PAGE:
Clubs plan events and reach out for fundraising

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Clubs plan events and reach out for fundraising

Graphic by Jeremiah Levy

Graphic by Jeremiah Levy

Graphic by Jeremiah Levy

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Leaders of the Food Justice Club and Asian Pacific American Club (APAC) create many fundraising opportunities for their local communities to take part in. These events help the clubs achieve their annual goals.
Senior Evelyn Chen and junior Jacqueline Gu, the heads of the APAC, celebrate Lunar New Year, demonstrating its importance to them by organizing a huge and entertaining fundraising event.
“We actually get a lot of donations from parents of people who have graduated, and we also host a lot of events where we sell food, so we usually have members donate food and then we sell the food to raise money,” Chen said.
Gu said the Lunar New Year celebration allows the club to engage with the community and generate increased financial support.
“Lunar New Year is a huge celebration. It is one of those events where the main focus doesn’t seem to be raising money, but we still manage to do that and have a lot of fun at the same time,” Gu said. “Our Lunar New Year event is just an event that students at the high school look forward to every year. It’s just fun for us to give back.”
Seniors Grace Sokolow and Gigi Walsh, leaders of the Food Justice Club, utilize the options they have for fundraising while still raising money and support from the community.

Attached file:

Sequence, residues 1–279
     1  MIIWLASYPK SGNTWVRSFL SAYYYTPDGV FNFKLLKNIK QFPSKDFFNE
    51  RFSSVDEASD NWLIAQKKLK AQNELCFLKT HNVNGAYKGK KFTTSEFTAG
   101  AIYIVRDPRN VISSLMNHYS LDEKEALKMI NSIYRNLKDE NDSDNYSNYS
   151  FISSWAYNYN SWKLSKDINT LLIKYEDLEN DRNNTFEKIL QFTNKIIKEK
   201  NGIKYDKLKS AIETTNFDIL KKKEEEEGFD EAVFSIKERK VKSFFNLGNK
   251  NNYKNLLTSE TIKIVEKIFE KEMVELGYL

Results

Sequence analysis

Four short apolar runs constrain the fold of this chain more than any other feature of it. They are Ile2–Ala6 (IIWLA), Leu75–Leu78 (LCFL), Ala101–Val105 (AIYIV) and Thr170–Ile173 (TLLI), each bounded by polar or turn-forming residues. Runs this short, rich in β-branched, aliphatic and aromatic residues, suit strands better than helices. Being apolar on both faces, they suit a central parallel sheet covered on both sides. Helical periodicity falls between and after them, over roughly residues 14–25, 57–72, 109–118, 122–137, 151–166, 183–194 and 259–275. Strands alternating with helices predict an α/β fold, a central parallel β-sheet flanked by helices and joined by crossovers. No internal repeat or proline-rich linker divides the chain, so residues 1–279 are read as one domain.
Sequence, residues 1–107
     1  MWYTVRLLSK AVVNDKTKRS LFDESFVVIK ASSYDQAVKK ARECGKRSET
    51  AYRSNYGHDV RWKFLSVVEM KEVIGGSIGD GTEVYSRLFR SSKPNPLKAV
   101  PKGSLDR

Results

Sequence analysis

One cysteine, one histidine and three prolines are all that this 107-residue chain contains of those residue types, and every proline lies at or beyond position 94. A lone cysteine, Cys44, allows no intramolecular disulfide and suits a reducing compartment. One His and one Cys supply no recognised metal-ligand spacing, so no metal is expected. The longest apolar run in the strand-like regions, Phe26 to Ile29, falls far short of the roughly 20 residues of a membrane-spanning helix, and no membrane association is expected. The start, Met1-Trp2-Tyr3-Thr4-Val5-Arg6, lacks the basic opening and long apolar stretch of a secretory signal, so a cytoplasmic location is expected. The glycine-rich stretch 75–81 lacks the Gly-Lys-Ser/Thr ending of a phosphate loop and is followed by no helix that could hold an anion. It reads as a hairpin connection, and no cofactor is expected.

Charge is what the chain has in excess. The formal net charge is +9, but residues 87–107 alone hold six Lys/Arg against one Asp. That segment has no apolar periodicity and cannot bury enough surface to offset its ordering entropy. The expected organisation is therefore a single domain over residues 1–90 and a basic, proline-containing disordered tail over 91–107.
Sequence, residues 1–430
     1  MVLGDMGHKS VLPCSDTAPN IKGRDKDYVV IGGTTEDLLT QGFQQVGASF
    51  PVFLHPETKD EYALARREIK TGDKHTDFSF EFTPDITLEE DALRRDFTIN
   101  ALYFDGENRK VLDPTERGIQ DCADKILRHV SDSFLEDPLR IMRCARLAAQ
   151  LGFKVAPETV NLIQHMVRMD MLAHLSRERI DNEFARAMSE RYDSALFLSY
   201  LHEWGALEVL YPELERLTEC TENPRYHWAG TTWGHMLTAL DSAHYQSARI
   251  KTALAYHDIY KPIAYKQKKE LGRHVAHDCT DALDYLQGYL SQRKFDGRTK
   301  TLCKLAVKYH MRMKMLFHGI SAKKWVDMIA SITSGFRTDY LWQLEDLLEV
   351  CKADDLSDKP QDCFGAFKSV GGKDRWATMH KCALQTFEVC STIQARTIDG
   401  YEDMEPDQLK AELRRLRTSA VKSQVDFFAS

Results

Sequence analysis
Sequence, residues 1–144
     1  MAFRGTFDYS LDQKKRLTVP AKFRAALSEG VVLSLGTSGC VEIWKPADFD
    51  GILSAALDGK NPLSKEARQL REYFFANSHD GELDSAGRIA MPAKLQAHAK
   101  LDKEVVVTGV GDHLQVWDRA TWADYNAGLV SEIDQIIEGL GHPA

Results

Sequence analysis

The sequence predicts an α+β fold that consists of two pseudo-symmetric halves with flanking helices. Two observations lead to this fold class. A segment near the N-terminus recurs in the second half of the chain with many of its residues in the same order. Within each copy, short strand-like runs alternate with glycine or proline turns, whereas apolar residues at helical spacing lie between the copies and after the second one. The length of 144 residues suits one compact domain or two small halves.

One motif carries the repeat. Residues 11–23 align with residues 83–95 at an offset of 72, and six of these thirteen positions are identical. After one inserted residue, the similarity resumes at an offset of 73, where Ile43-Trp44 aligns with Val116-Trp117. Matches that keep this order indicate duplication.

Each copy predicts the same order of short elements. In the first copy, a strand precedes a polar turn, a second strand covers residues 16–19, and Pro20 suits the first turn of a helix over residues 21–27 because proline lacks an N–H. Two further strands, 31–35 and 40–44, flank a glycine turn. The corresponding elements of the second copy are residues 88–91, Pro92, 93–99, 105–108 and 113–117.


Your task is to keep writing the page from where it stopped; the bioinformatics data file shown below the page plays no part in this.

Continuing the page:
“We’re having a sustainable gardening workshop at the Brookline Teen Center in which people would pay to participate. That money would end up being filtered to the club and the Brookline Food Pantry,” Sokolow said.
Walsh said people can support her club’s goals without financial donations. The club can achieve their long-term and short-term goals slowly through volunteering efforts and showing admiration for what they are doing.
“Right now we are working on a sustainability program for the sophomores, organizing a cook-in to support a warrant article up for this year’s town meeting that would prevent major buildings or new development from containing natural gas infrastructure,” Walsh said. “So a lot of the stuff we do is not fundraising. You can support our mission without spending money.”
Sokolow said fundraising allows the club to support the community through its efforts to promote positive environmental change to Brookline and elsewhere.
“We want to reduce food insecurity and support efforts to do so in Brookline, therefore the sale was doing both; we are giving people food that they can grow in their gardens and then at the same time, we are giving money to the Brookline Food Pantry, to support our neighbors in Brookline who do not always have enough to eat,” Sokolow said.
Both clubs said they have the responsibility of spreading their goals and values throughout the community and raise money to do so.
“It is important to utilize what we have around us and share it with the community. That is a really cool way to help and it represents something we value,” Walsh said.